In USA, this problem dealt with in Constitution: Art 1 para 3 As with the other 7 desiderata that make up internal morality, difficulties that sometimes retrospective laws are necessary to give effect to other desiderata, nuances should not blind us that it is not hard to recognize blatant indecencies:
◦ E.g Statute that said "anyone who has been convicted of crime of violence may not receive any firearms" ever. This over-clever attempt was stricken down by the supreme court in Tot v United States.
Note: Although we have focus on legislative clarity, it does not mean we can't have things like reasonable, or good faith. Sometimes we even need that! Appreciate that a "specious clarity can be more damaging that an honest open-ended vagueness" 
o Hayek criticizes that all these terms of 'reasonable' or 'fair' have served to whittle down the rule of law progressively into vague formulas and increasing arbitrariness. Don't think that everything can be safely delegated do Administrative Executives either!
(v) not contradictory (vi) possible to comply with
Note this is different to the good teacher demanding more from students than he thinks capable can be used in a positive way to encourage - government cannot do and perform that same function.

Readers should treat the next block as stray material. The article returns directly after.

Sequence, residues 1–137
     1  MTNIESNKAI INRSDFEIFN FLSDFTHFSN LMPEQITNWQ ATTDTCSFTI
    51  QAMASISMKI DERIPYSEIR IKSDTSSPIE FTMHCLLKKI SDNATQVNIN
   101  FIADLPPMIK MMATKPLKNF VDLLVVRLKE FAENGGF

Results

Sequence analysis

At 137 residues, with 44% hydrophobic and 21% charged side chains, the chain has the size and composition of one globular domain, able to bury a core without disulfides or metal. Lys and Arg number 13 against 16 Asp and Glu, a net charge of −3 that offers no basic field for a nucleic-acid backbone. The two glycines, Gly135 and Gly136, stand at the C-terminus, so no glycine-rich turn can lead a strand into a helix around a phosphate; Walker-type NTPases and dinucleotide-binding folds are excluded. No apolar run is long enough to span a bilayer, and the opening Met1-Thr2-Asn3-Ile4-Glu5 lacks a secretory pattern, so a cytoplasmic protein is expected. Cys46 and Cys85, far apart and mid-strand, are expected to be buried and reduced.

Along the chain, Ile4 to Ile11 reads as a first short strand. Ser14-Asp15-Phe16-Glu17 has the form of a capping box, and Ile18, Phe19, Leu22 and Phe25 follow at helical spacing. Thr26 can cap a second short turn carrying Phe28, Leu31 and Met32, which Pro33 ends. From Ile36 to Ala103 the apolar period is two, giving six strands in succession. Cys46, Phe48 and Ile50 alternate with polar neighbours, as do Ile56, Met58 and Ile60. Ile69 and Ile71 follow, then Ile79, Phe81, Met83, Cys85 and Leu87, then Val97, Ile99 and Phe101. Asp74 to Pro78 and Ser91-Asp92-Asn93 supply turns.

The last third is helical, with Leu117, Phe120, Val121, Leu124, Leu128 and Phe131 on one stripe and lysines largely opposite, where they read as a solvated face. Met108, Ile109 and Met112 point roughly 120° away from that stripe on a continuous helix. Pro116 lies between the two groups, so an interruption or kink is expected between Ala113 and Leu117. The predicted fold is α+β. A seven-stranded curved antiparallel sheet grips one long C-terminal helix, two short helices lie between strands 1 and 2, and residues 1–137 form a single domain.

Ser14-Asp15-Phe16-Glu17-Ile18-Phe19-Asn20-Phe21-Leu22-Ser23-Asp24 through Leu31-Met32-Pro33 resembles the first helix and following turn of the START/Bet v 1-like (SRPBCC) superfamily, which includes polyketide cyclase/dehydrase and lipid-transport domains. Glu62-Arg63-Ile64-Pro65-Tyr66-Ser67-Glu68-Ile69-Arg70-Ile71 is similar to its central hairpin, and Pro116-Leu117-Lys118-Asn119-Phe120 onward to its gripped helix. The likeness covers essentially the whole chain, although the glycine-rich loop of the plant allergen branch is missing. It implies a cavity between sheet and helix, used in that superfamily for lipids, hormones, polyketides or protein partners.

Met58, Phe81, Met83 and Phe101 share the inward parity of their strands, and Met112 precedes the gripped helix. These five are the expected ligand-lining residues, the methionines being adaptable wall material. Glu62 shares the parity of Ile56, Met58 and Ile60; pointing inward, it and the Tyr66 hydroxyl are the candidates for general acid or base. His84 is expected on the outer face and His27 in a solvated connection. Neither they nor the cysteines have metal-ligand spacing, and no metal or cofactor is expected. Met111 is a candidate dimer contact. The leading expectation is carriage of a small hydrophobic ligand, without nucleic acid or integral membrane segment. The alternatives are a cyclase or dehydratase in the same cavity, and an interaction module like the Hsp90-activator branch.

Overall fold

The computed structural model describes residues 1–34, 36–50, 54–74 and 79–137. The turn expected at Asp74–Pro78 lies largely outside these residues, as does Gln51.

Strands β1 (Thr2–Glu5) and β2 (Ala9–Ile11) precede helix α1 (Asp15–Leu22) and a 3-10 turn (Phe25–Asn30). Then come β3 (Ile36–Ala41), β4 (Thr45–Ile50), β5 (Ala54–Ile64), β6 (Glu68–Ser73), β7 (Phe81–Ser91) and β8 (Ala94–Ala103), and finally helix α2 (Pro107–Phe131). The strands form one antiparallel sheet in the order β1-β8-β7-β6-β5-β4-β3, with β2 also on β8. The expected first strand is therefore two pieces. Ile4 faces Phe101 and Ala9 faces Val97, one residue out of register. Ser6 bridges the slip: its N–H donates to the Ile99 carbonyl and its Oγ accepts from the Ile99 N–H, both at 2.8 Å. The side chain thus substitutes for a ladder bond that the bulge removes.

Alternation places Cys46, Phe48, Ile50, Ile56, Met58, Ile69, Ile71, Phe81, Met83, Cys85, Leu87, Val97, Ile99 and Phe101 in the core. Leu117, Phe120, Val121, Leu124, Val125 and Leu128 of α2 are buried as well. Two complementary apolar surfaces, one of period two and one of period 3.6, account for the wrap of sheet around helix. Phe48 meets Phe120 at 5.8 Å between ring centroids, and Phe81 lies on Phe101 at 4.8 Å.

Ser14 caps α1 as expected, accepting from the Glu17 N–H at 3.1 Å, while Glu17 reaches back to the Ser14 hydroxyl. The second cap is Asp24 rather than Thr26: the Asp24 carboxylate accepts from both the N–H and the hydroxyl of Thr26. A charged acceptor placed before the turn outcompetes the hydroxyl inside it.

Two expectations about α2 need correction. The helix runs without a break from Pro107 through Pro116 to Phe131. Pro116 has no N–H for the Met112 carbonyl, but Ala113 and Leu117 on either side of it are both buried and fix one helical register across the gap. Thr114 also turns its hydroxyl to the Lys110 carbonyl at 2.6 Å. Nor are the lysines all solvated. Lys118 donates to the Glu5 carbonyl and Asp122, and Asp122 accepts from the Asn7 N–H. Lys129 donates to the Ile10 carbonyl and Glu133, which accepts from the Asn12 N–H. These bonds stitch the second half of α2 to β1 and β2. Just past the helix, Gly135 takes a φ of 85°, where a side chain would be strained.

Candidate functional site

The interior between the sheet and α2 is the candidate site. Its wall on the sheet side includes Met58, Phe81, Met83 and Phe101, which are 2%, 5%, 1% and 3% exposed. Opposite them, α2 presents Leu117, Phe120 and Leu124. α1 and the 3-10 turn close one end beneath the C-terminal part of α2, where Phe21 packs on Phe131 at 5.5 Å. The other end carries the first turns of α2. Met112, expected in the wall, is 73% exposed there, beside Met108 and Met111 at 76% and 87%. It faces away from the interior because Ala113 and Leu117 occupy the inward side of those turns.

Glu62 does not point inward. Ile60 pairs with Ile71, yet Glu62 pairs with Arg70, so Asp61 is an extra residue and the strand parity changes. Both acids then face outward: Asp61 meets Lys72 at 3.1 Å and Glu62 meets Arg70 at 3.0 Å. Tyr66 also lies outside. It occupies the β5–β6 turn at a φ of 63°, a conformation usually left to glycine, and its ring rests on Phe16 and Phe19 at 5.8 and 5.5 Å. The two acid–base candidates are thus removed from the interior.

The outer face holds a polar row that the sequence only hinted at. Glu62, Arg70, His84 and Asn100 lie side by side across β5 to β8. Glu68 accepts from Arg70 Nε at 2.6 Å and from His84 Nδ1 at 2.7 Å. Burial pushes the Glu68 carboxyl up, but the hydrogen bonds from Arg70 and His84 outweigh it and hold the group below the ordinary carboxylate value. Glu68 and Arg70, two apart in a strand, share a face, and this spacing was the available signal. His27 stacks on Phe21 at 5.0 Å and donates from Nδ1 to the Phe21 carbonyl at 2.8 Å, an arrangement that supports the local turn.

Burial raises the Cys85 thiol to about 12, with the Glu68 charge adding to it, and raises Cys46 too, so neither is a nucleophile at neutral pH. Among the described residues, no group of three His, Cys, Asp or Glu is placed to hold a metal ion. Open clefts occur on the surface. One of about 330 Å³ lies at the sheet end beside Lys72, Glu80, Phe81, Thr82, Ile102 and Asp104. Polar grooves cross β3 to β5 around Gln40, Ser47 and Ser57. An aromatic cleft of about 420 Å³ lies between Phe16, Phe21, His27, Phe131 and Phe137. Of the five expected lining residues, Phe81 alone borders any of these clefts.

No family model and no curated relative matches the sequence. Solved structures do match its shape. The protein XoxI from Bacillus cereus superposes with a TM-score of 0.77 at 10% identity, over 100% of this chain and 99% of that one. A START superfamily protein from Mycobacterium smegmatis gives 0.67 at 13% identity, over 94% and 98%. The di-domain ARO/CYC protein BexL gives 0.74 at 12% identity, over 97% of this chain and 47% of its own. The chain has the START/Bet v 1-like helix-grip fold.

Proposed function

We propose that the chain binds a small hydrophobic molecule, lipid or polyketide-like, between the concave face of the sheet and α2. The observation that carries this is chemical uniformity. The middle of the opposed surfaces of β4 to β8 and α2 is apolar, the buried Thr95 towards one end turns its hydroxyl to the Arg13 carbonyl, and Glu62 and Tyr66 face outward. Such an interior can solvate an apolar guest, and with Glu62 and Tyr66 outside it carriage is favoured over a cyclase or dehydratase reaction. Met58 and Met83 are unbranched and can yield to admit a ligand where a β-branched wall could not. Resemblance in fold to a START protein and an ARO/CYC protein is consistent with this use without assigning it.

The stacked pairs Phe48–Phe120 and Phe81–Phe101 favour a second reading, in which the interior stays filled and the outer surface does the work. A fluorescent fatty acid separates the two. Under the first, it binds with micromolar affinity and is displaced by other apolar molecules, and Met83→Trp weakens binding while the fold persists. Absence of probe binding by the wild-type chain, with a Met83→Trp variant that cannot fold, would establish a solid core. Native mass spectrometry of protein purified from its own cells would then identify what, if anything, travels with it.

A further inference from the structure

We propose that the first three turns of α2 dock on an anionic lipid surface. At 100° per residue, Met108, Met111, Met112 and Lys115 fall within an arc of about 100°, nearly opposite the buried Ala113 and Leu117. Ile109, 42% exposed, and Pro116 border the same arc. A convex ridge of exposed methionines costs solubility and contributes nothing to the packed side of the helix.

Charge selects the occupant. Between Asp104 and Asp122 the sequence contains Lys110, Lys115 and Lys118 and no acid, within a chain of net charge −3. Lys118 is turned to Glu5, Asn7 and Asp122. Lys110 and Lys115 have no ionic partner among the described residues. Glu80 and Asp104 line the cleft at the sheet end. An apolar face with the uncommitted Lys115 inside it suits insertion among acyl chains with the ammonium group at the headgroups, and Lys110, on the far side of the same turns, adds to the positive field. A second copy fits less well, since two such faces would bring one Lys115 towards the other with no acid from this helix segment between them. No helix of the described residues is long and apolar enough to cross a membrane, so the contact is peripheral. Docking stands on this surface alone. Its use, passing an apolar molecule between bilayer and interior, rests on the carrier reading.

(vii) reasonably stable through time, and (viii) followed by officials (perhaps should have expressly said that use of force only ok if rule as described above violated)
Fuller calls it "the most complex of all desiderata". Must also appreciate some clouds of confusions: interpretation is not about what parliamentary intention is, because that is usually clear, but when judges declare what the intention is, they are in truth themselves legislation to fill up casus ommissi, the left gaps.
◦ Analogy: Son must finish project started by father who was working on an invention but father dies and leaves only sketch and then son must start thinking about how to remedy the situation. Questions son must ask himself are similar to that what must ask when interp. Statues.
▪ What about impasse of "legislative intention" who's intention. Back to analogy. What the son does is look at the intention of the DESIGN, not only put himself in the shoes of his father. So we must speak of "the intention of the statute".
Some notes about the 8 Principles:
1.Infringements of legal morality tend to become cumulative e.g., neglect of clarity, consistency, or publicity may beget the necessity for retroactive laws